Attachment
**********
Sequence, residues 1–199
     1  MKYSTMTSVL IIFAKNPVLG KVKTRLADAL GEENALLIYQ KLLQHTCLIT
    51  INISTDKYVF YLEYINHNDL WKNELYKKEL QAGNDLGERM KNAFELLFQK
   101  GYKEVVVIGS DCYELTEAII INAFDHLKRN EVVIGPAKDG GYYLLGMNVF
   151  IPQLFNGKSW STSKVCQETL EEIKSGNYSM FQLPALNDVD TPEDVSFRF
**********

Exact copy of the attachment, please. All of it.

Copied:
Sequence, residues 1–199
     1  MKYSTMTSVL IIFAKNPVLG KVKTRLADAL GEENALLIYQ KLLQHTCLIT
    51  INISTDKYVF YLEYINHNDL WKNELYKKEL QAGNDLGERM KNAFELLFQK
   101  GYKEVVVIGS DCYELTEAII INAFDHLKRN EVVIGPAKDG GYYLLGMNVF
   151  IPQLFNGKSW STSKVCQETL EEIKSGNYSM FQLPALNDVD TPEDVSFRF